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University of Jamestown paving the way for esports in ND

University of Jamestown esports coach Dillon Kifer.

JAMESTOWN, N.D. -- Several universities in the Midwest region are planning to implement a collegiate Esports team this fall, including Bismarck State College and Dickinson State University, following in the path University of Jamestown paved nearly three years prior, according to Chris Hoke, technical director of esports at UJ.

Esports is a competitive sport consisting of multiplayer video games being played across several different platforms.

UJ's esports team will enter its third season this upcoming year, under the direction of new head coach Dillon Kifer, who earned a bachelor's degree in elementary education in 2017 followed by a Master of Art in Leadership degree, both from UJ.

"Video games will be, if they aren't already, just as big as professional sports," Kifer said.

Statistically speaking, Kifer's statement isn't wrong. According to CNBC, in November 2018, the "League of Legends" World Championship final in South Korea drew an estimated 100 million unique viewers across the world on the internet. The 2018 Super Bowl had an estimated 98 million viewers.

UJ was one of the first colleges to introduce an esports team on campus, and quickly, the sport has spread across the country. The National Association of Collegiate esports, the governing body for all university teams, has around 125 teams nationally as of Feb. 2019, according to ESPN.

"Private universities were quicker to jump on it ... it was easier for them to do it," Hoke said. "Public colleges are a bit slower because there's more hoops to jump through."

An advantage universities see in esports is the low cost for the development of a program.

"Think about it ... you could have no travel cost if you didn't want any," Hoke said. "It's all online. We play different schools in California, Idaho, Illinois, Michigan, Minnesota and South Carolina."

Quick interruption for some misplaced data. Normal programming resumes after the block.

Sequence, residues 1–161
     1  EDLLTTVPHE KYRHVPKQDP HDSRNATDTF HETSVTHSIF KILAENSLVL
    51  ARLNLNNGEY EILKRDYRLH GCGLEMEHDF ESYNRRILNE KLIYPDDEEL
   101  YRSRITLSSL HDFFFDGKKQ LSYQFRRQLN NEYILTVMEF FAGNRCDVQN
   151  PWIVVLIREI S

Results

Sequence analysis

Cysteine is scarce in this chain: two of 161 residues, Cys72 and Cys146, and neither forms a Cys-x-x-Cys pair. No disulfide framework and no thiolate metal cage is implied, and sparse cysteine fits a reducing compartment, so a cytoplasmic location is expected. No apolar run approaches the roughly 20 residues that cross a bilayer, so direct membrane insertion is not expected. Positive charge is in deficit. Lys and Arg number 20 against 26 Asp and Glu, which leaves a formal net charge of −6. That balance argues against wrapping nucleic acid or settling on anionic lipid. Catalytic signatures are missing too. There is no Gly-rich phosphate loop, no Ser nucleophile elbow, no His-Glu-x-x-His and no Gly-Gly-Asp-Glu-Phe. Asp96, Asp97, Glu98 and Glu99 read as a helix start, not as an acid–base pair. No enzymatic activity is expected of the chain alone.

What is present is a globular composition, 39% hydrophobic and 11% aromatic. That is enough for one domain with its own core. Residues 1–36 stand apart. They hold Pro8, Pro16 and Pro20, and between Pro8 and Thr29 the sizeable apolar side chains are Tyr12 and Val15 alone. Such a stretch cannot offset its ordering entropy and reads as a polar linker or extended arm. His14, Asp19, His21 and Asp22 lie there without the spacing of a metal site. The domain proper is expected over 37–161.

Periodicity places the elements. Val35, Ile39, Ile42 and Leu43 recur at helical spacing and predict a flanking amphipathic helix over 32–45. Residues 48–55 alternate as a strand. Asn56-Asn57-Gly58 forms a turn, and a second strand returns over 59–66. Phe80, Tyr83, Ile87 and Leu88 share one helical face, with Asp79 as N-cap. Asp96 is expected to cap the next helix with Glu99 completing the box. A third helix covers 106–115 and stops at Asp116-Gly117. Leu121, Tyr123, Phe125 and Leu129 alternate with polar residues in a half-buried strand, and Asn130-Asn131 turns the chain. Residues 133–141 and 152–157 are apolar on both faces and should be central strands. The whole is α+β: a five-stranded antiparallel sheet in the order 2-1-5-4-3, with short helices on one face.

One obstacle Hoke has faced since the birth of the program is the recruitment of potential players, but the director said times are changing and that is quickly shifting across the state.

According to Hoke, 14 high schools in North Dakota have elected to participate in esports this year, making recruiting a more local possibility.

"There wasn't a lot of high schools to recruit from before," Hoke said. "We mostly used word-of-mouth from current players or recruiting websites online."

A big incentive for prospects to commit to UJ is the opportunity to earn scholarships of up to $2500. Hoke said the average athlete on the team is awarded $2000 a year.

"We're trying to push people to graduate college, esports is a way to get people to want to," Kifer said. "Come play video games competitively while going to school."

Kifer and Hoke both understand the stereotype behind playing video games, especially at a competitive level. That doesn't stop them.

"The stigma comes from thinking we're lazy guys just playing video games in our parent's basement," Kifer said.

"I used to joke with recruits ... Get out of your mom's basement and come play in the library's basement," Hoke said. The esports facility, with about 25 computers equipped with gaming chairs and headsets, is located directly below UJ's library.

A vastly overlooked portion of the competitive gaming industry is the camaraderie, according to Hoke.

"There's a lot of mental and strategic things that teams need to go through," Hoke said. "These are analytical games that specialized teams practice together to succeed in."

Kifer also said companionship is essential and is something he plans on building on as the new head coach.

"I'm not going to force everybody to be best friends, I wouldn't expect that," Kifer said. "But team-bonding is important."

As for the success of UJ's esports program thus far, Hoke credits the program for getting people out of their comfort zone and into a new generation of collegiate sports.

"I think the majority of our team would not be at this school if it wasn't for esports," Hoke said.

UJ's esports team streams the majority of their games online through Twitch, a live-streaming video game platform owned by Amazon.

The college's esports season will begin in early October.